I’m pretty sure we all have our favourite pieces of art, regardless of the artistic manifestation they represent, who have greatly influenced one or more aspects of our life. Be it a book that changed our perception of reality, or a painting that made us question its aesthetic value or even a melody that always comes to mind, art resides at the core of the human experience. Art creates dialogues and bursts emotions, bores ideas and can be both devastating and illuminating. But how many of us have questioned the reality behind a particular art piece?
How many of us have taken their gaze off a book and rather looked its creator straight into its eyes, just to realize we may have been sold a beautifully written fairy-tale? What will one do should their favourite creator or artist prove to have its own facade outside the imaginary world he emerged himself into?
This is the powerful stance books of letters usually take and I will present to you some of my favourite letters from artists and people dear to my heart which made me realise that man and art can have a separate identity. That brought me closer to whom they were as people of their own time as books of letters are the supreme connection one can establish with their favourite person of the past.
So Bright and Delicate: Love Letters of John Keats to Fanny Browne – John Keats (Penguin Black Classics)
Few poets have fascinated me as much as John Keats, one of the most important romantic poets Britain has ever bestowed upon us. However, I always wondered what or who made his music sound so profound, thus I began my almost obscene journey into Keats’ life, “Heard melodies are sweet, but those unheard/Are sweeter;” echoing constantly in the back of my mind.
Soon enough I found So Bright and Delicate: Love Letters of John Keats to Fanny Browne, a collection of letters exchanged between Keats and his lover. Unfortunately for us, the book presents only Keats’s letters, Fanny’s replies having been lost. From his words, one can feel the ardent love and desire he held for his Endymion, his regret for not being rich enough to marry her and the constant fear of not being good and proper enough for her “Upon my soul, I cannot see what you would like me for.”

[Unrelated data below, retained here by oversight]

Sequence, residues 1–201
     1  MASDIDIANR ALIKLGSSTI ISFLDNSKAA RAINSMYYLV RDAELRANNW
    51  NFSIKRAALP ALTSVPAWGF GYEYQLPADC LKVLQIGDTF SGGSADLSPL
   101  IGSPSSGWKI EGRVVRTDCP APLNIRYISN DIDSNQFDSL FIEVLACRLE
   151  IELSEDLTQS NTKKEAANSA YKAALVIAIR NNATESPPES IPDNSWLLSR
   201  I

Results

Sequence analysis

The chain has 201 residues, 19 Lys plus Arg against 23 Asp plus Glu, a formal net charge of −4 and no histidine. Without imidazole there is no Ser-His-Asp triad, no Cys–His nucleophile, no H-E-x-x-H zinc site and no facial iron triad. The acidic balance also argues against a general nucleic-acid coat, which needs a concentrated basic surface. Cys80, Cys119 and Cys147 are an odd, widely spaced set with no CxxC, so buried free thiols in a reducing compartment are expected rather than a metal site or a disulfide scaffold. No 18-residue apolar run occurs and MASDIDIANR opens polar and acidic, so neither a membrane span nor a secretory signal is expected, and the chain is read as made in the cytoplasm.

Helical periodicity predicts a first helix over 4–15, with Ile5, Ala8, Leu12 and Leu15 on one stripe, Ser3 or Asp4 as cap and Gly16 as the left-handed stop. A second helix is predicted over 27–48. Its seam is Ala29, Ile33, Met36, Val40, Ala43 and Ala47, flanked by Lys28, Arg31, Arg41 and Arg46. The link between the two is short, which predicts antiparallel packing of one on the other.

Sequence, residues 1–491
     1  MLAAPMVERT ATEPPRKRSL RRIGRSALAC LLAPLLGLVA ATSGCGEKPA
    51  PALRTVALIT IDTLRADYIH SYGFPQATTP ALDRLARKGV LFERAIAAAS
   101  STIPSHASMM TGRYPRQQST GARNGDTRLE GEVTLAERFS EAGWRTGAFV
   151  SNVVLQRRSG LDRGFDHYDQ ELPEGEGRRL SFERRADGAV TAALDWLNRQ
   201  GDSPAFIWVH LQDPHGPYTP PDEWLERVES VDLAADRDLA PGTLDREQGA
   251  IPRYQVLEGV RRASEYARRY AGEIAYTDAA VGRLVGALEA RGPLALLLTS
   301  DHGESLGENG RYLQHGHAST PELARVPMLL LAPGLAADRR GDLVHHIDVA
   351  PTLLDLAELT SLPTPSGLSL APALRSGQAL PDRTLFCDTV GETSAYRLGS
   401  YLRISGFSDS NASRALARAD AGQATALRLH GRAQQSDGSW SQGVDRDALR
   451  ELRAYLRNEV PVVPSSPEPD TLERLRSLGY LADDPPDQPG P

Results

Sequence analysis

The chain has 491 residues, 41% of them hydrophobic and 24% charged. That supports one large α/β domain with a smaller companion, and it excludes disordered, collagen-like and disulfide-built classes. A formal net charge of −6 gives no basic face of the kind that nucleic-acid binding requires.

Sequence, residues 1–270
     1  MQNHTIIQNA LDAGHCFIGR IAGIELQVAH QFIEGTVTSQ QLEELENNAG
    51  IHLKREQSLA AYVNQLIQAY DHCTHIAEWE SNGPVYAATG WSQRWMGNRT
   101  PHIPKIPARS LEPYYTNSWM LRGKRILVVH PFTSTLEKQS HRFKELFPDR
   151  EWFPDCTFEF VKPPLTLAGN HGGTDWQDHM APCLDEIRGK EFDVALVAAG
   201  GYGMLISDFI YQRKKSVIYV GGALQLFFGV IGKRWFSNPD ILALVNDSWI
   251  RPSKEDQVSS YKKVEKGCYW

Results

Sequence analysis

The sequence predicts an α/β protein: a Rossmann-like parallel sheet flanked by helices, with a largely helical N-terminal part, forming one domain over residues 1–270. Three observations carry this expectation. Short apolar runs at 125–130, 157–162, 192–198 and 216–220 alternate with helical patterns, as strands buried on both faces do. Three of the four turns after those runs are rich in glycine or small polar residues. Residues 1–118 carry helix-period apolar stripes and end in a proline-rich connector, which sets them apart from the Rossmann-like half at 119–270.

In respect to his poems, we can read some verses he dedicated to Fanny, his impression of art and the anxiousness produced by his critics. His perception of love as absolute beauty and beauty as life eternal makes us understand the correlation of the artistic spiritum with the ephemeral being and how they collide creating a beautiful, everlasting melody.
The Diary of a Young Girl-Anne Frank
The second book of letters I think everybody should read at least once in their life is most definitely Anne Frank’s book, The Diary of a Young Girl. I put this particular book here, for it is a very important piece of history and for the delicate way Anne addresses her little `letters` to not only the imaginary being Kitty, but to the possible saviour or audience that shall come across her manuscript. Even though the book is not necessarily a book of letters per se, this particular writing is of utmost importance to everyone, regardless of age or any other denominator, for it presents to us the struggles of Jews during the war.
I recommend you read the definitive edition of the book, as it presents to us every little detail about the turmoil she had, from discovering her sexuality to the fear of death, what she liked and what she disliked, the world she saw through her own lenses. As I have stated before, this book’s importance resides not only in the content but also in the legacy it brought along with itself. That being said, we shall follow Miss Frank’s advice and understand that “What is done cannot be undone, but one can prevent it happening again” and one can only do that through keeping her history alive.
Letters of Vincent Van Gogh
We depart a little bit from the world of writers and go into another medium, that of painting. However, do not be fooled, we are still reading about people, about their struggles and loves, which we could or could not relate to. That is the case with the Letters of Vincent Van Gogh, a substantial corpus of more than 800 letters compiled by the painter’s brother, Theodorus van Gogh (Theo).
A lot of the letters are addressed to Theo himself and they talk about the painting experience, different masterpieces of van Gogh like the Potato Eaters, artists which he met on his trips, which inspired him and so on. Apart from that, the descriptions of the places he visits are quite picturesque and make one dream along at the Parisian suburbia or the industrial London through the sentiment of the young painter.
But what strikes the most in this book of letters is in my opinion, the description of the mental struggles he had, how sometimes he was
grim and how the world seemed devoid, how he freed his demons and how his creative insanity drove him mad sometimes. This book’s effervescence and vivacity are something that can trigger its readers from time to time, and I advise you to be aware of the heaviness it sometimes carries. Although, however grim (but elegant too) this book should most definitely be on your TBR list.